Back when dystopian teen novels were, well, novel, the question “how would you fare in a Hunger Games situation” used to crop up in conversations all the time. I assume people asked because answers and their accompanying explanations would, theoretically, indicate how people perceive themselves and others. Except I don’t know if I’ve ever heard anyone say anything beyond a variation of “dead,” so either the question adds no real value whatsoever or I’m hanging out with the wrong people. (Or the right people, upon second thought.)
Anyway, I’ve never shied away from my role of “first to die.”
An actual question and response on a business organization application last semester
Q: If you were stranded on a desert island with a group of people, what would be your role?
(If you were wondering, the org rejected me.)
As you can see, I’ve accepted my lack of survival skills. But after what happened Friday afternoon, I’m reconsidering that assumption.
I went to the dollar movies with Mom to watch Hidden Figures, a film that tells the untold story of three black women who were integral to NASA’s efforts to send the first men into space. Upon entering, we were the only two people in the theater. True, we’d arrived on time—and you never arrive on time to the movies—but even when “20th Century Fox” appeared, signaling the start, only three more people had joined us.
It was just the five of us for a while, so I immediately noticed when a tall man slipped into the back during an Octavia Spencer scene. Maybe I paid so much attention to him because I’m already paranoid about movie theater violence, or maybe it was because he’d entered over an hour into the movie. Either way, I became hyperaware of his every movement.
Trying to discreetly eye him while facing the front, I contorted into a variety of positions and somehow glimpsed the man drop what looked like a heavy-looking backpack beside one of the seats and then leave the theater. An unattended item left in a public place by someone quickly leaving the area, the backpack raised red flags.
It signaled a potential bomb threat.
The next few minutes saw me wage an internal battle with myself, trying to decide whether I should stand up and expose my paranoid self or turn back in my seat and “discreetly” illuminate the backpack—to ascertain that I’d seen correctly, because it did seem unlikely he was planning to bomb just five people—with my phone’s flashlight. A difficult decision because the latter would possibly lead to everyone’s fiery death but would save me some face. After much twisting and turning, I decided on the flashlight.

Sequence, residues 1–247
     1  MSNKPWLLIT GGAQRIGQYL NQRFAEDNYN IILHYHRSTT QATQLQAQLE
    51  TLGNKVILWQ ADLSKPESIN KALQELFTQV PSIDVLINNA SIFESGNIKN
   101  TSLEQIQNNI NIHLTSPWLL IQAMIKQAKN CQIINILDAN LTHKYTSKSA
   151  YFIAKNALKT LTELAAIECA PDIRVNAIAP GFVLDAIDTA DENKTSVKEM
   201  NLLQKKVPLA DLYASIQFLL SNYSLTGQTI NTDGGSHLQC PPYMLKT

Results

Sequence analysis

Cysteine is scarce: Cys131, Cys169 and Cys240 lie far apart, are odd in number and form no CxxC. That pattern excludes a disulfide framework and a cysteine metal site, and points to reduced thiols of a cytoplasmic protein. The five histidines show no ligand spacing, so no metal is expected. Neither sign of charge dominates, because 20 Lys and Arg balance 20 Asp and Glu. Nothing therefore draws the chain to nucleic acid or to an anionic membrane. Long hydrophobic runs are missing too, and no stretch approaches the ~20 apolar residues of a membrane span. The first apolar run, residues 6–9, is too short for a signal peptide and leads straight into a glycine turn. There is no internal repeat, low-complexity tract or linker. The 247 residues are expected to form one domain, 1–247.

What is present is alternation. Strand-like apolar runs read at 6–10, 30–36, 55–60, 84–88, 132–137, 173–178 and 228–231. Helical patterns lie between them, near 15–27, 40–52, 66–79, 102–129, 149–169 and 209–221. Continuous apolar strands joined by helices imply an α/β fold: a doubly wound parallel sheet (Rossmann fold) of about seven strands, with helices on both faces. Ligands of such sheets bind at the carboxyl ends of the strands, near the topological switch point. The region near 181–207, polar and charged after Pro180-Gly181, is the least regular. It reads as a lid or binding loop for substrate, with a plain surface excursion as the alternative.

It was, indeed, a backpack. I shot out of my seat, muttering “that man dropped a backpack” to Mom. I must’ve looked very serious, because she followed me out unquestioningly (which I maintain was equally, if not more, shocking than there being a potential bomb.)
Me: That man, the one who came in just now, he left a backpack. You saw it.
Mom: I didn’t even notice. I heard him come in because he was so late, but how did you see what he was doing? Are you sure he wasn’t one of the people from the beginning?
Me: Yeah, I’m sure. There were five people and I saw him for the first time just now.
Mom: … Is that him?
I whipped my head around to see Backpack Man walk past us, elbow-deep in a bucket of popcorn. He gave us a quizzical once-over, clearly wondering what we could be gossiping about outside the theater.
Me: Yes… *starts to wheeze-laugh*
Backpack Man reentered the theater. The sound of crunching kernels was cut off by the door swinging closed.
Mom: He was just getting food! He just put his things down! Why are you like this?
Me: *expresses my shame through laughter*
So, in terms of innate survival skills, I got the short end of the stick. My common sense is lacking. I have zero sense of direction. I don’t know how to start a fire. But what I do know is how to recognize where there aren’t bombs, a skill I would say is preceded by few in significance, except, I guess, pinpointing where there are.
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